Conversations With A Three Year Old, Part 5

Little hiker.

Cast: Me: 40, sweaty, swatting at gnats/chiggers/mosquitos the size of pterodactyls

Violet: 3, carrying a small walking stick, not sweating at all

Max: black lab, ecstatic

Milo, black lab, ecstatic to the point of temporary insanity

Scene: Pennsylvania forest trail in the late afternoon. The sun is filtering down through the high canopy of treetops giving an ethereal look to the whole woods. Bugs are thick as thieves.

(Camera peeks around from a sneaky Yeti’s vantage behind a fat tree trunk to watch as two black dogs flash by with the quickness, followed by the very slow approach of a man and a little curly-haired girl, each carrying walking sticks that compliment their different statures. Their voices are garbled at first before coming into audio focus…)


Violet: …..and the deers, and the cows, and the monkeys, and the….deers, and the chickens!

Me: Yep, you’re right! I guess there are chickens and monkeys out here too, living in the forest.( I slow down my already creeping pace to let her catch up) I just haven’t seen them yet is all. Who else lives in the forest Mama Bear?

Violet: There’s the deers…

Me: (interrupting her) Yep, the deers.

Violet:….and the bulls and T-Rex.

Me: T-Rex, huh? Hmph. I hope we don’t run into him back here. Not that it wouldn’t be pretty cool and all, but no one would believe us and that would bother me for months, you know?

Violet: Look! Milo has a stick!

(Milo has a stick. In his jaws. Actually it’s more like a medium-sized tree limb and he is blasting at us at about sixty mph with the thing swaying for three feet out either side of his dog mouth and I know damn well what happens next.)

Me: Milo! Noooooooooooooooooooooooooooooooo! (This echos through the warm woods and bounces up to the top of the mountains on either side of this hollow as I do my best to prepare for the impact.)

Violet: Hahahahaha! Milo is a maniac, huh?! (As the last sound escapes her lips, Milo moves just inches to the left of me on the trail and the stick/log in his mouth slams into my shins with all the force of a very deliberate and effective medieval dog-knight attack.)

Me: $#&!**!$&#!Milo! Owwww!

Violet: Hahahahahaha, Daddy, Milo is a maniac, huh? He has a stick!

Me: Yeah, he’s a damn idiot is what he is, baby! (I turn to holler at him but he is gone around the trail bend.)

Me: (regrouping) Hey Violet, how’s that walking stick doing? Is it helping you walk over the stones and the bog roots?

Violet: Nooooo, they’re not stones, they’re rocks! They’re rocks, Daddy!

Me: Okay alright they’re rocks. Whatever. Just try not to trip over them and split your lip open okay?

Violet: Okay. (within five seconds, no lie, she trips and falls.) Arrrrggggghhh. Whahhhhhhhh! I fall down! (crying)

Me: Oh dammit. We are never gonna see any deer. (I come to her side) You’re okay, kid. I don’t seen any blood or anything. Pick yourself up and let’s keep hiking.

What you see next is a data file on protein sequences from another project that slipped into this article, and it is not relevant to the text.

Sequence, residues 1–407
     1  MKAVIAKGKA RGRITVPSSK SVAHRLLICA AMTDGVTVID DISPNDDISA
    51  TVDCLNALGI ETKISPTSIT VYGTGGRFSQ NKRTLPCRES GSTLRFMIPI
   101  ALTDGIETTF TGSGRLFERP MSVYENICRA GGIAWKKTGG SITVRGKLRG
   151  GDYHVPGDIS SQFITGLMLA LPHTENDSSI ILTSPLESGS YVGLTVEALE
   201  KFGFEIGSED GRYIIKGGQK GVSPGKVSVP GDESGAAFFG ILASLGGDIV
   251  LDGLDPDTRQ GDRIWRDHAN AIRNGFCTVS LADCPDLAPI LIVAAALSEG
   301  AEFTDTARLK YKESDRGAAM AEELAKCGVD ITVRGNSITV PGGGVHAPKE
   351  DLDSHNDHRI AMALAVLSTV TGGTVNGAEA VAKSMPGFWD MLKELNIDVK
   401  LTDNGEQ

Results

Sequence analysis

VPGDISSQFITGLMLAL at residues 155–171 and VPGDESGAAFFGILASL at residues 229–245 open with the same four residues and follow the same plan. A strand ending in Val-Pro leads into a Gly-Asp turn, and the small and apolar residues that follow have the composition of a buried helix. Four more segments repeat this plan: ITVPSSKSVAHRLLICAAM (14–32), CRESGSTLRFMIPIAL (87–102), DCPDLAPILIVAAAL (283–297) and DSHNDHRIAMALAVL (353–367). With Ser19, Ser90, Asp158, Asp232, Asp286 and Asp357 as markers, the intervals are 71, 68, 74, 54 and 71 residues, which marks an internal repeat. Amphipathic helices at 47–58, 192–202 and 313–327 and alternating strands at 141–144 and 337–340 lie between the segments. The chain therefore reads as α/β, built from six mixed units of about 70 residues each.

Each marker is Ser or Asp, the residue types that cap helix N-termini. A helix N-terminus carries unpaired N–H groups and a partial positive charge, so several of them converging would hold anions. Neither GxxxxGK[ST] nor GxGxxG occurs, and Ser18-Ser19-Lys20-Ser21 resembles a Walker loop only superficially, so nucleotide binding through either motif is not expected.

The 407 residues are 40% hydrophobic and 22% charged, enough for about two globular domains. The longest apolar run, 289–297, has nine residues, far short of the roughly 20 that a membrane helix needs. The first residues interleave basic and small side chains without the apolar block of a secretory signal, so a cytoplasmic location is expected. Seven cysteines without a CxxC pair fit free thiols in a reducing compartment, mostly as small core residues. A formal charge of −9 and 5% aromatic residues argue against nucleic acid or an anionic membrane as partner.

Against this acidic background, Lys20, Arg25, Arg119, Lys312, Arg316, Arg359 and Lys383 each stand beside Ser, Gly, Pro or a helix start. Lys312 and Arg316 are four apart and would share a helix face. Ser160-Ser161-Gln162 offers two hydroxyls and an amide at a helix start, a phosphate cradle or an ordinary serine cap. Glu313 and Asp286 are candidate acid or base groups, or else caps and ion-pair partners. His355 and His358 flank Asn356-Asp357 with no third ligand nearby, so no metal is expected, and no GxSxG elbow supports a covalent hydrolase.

(I help her up and notice the glint of sun on metal. That’s how far we have managed to get from the Honda. Maybe sixty yards, tops.)

Violet: (sniffling) I tired Daddy.

Me: You’re tired? Already? But we’re hiking, mama. Don’t you wanna hike a little further at least?

Violet: Hold me Daddy. I so tired. (she plants herself at my boots/her arms raised high/the  ‘pick-me-up’ position)

Max: (bolts by one way, tons of fuel yet to burn)

Milo:(zips by with his log just missing the two of us)

Me: (sigh) No more hiking?

Violet: Okay! All done hiking! Bye-bye hiking in da woods! See you tomorrow!

Me: (lifting her up) We didn’t go very far, you know?

Violet: Let’s go to da ice cream store!

Me: I don’t know. You have to hike pretty far to get to the ice cream store.

Violet: Okay, we go to da ice cream store. ( She says this as if it’s final)

(We roll out of the woods, her three year old body hanging way lower down my 40 year old one than it did just yesterday. I get the dogs in the car, they’re dripping with creek. Halfway to the ice cream store, I glance in the rear-view. Violet’s out like a light, her little head bent down in that wobbly way, slowly flopping from side to side when I hit the mountain curves.)

As the closing song fades in, Camera rises up above the blue Honda Pilot, backing away swiftly up into the sky as the vehicle passes by the Dairy Queen without stopping, our vantage continuing in reverse, harder/faster, until the Honda of our story is just a dark dime below as the music soars.

Fade to black.

The End.


You can also find Serge on his personal blog, Thunder Pie.

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More from Serge:

Now And Forever: How Being A Father Keeps You From Being A Dad

Come On Up For The Rising: Heading Home After the Fire

25 Things About My Son, Henry

Picnic In The Raindrops: A Daddy’s Best Meal Ever

No Neckties, No Cologne: 20 Father’s Day Gifts I Really Want

25 Things About My Daughter, Violet








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